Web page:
Saturday, July 31, 2010

Day 31: The last bits

Saturday morning, I woke up to some true London weather: drizzly and looking to be overcast for much of the day. After some housekeeping things with my library course, and I headed out for a last day of things about London.

On a recommendation from a very good authority, I walked over to Borough Market to take in the foodie stalls and get some lunch. The variety of foods available was great! I tried a number of good cheeses and sausages, all some degree of organic, homemade, &c. I wish I had gone to the market earlier in my trip; I would have had a much more diverse pick of fruit! I decided on a fresh baguette and some comte cheese for my lunch. Perfection!

I then went to my last museum of the trip: the Tate Britain. I really enjoyed this art museum so much more than the Tate Modern, mostly because at least half of the art was more traditional and less abstract. I spent a good deal of time looking at the portraits of society daughters from around 1900--seeing how portraiture progressed was very fascinating to me. I also spent a while in the room dedicated to the sublime; some of those paintings were horrifying, and some were just so layered and beautiful. By the end of my visit, I had discovered a specific thing about my tastes in art: I like the Pre-Raphaelites. Who knew?

A few of us met up at the flats before going out for our last real meal in the UK. Wanting to keep things British, we decided to go to a pub; where else? I thoroughly enjoyed my last fish and chips of the trip, and the ice cream that followed it.


The general mood of packing all of my things for my return home has made me reflective about this month-long experience. The whole point was libraries, and I really did get to do a lot with libraries. In the interests of wrapping things up as far as my trip and this blog are concerned, I shall end with a recap of my favourite libraries from the past month.

5) The Paul Hamlyn and Central Libraries at the British Museum - Despite any previous exposure I've had to big museums and their libraries, I hadn't ever really considered the logistics of how vast a collection a museum should hold, and who should have access to the materials. The duality of the libraries at the British Museum--a public reference room supplemented by a rather huge collection to which staff have full access--seemed to satisfy most potential library needs quite well. And, who are we kidding; the secret door to get into the library was pretty awesome, too.

4) The Dunfermline Carnegie Library - This first on Andrew Carnegie's libraries, located in my beloved Scotland, offers a variety of really interesting services as far as public libraries are concerned. What with their special Burns collections, their local and family history room, their impressive reference reading room, and pretty substantial general collections room, this library provides a whole lot of great material. The children's department, too, was very impressive, both in terms of collections and design. I like that the children's non-fiction was not arranged specifically by Dewey, but instead by topics that seem better suited to the way children browse for books.

3) The London Library - Admittedly, my interest in the London Library has less to do with my personal library academic interests and more to do with my general love of libraries--I would love to be a subscribing member of the library! Intellectually, I was also really intrigued by their unique classification system, which seems to work extremely efficiently both for the staff and library patrons. The number of libraries that opt not to use Dewey or Library of Congress has got me thinking: are we too complacent with our classification schemes? are there better ways, depending upon the collections? At any rate, the London Library's scheme afforded us a number of "File that under Science & Miscellaneous" jokes throughout the month.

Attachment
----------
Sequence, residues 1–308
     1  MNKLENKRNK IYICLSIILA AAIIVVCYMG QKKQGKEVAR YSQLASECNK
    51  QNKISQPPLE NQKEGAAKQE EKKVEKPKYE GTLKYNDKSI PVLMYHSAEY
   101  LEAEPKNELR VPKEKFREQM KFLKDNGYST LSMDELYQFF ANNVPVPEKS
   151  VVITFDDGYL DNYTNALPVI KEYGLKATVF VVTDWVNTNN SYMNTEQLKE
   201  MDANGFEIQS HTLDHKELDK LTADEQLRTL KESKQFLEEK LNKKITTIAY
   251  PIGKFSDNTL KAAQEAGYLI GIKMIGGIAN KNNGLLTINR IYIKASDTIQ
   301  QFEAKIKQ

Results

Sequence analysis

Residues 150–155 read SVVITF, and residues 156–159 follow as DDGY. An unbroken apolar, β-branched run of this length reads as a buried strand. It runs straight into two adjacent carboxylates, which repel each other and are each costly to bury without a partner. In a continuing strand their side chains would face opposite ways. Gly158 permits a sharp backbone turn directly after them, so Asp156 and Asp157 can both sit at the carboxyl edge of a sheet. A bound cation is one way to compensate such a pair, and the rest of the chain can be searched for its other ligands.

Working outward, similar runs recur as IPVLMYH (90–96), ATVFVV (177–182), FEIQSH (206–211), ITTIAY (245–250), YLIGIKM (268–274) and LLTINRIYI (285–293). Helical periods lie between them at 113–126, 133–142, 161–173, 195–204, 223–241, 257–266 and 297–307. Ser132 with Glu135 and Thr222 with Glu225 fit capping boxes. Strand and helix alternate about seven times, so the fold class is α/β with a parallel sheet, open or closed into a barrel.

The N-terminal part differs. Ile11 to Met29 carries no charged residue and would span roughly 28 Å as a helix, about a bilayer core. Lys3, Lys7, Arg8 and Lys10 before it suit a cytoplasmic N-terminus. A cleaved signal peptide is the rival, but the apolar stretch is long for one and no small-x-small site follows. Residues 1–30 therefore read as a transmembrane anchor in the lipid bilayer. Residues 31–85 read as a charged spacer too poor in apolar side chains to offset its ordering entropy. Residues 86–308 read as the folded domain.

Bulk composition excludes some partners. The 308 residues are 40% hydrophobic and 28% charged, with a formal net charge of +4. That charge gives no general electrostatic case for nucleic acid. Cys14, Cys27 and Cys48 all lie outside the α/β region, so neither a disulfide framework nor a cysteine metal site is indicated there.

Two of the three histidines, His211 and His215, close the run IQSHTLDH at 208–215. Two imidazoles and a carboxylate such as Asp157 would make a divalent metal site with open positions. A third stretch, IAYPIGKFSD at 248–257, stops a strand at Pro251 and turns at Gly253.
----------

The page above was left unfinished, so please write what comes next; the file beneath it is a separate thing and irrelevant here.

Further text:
2) Edinburgh Central Library - What I loved most about the main public library in Edinburgh was their Reader Development department. That's a whole staff department dedicated to getting more people of all ages and literary persuasions interested in and enjoying reading. Some of their ideas for developing reluctant patrons into readers are definitely worth further thought: for example, using author talks to get at-risk teens interested in reading is a really great idea, and seems to work quite well. The idea of facilitating book groups through the library is also really interesting to me.

1) Winchester Discovery Centre - It should be no surprise that the Winchester Discovery Centre was my favourite library of all during the course of this month. To say I loved it would almost be an understatement; I was enchanted by it. I talked a bit about the fabulous decor in the library, both in the children's department and in the library as a whole, and I still think the idea of injecting a bit of interest into the library space is a great idea for any public library. The Winchester Discovery Centre's inclusion of exhibition spaces, an art gallery, and a cafe, however, really piqued my interest in the whole Discovery Centre phenomenon. I'll be writing my course paper on Discovery Centres, delving into when and to what purpose they started appearing, what actually constitutes one, and how the UK is embracing the idea. I have some hunches about where my research will take me, but I have one definite gut feeling: if more public libraries transformed themselves like the Winchester Discovery Centre, we'd find ourselves being relevant to our patrons and community members in a variety of new ways. And that is always a good thing.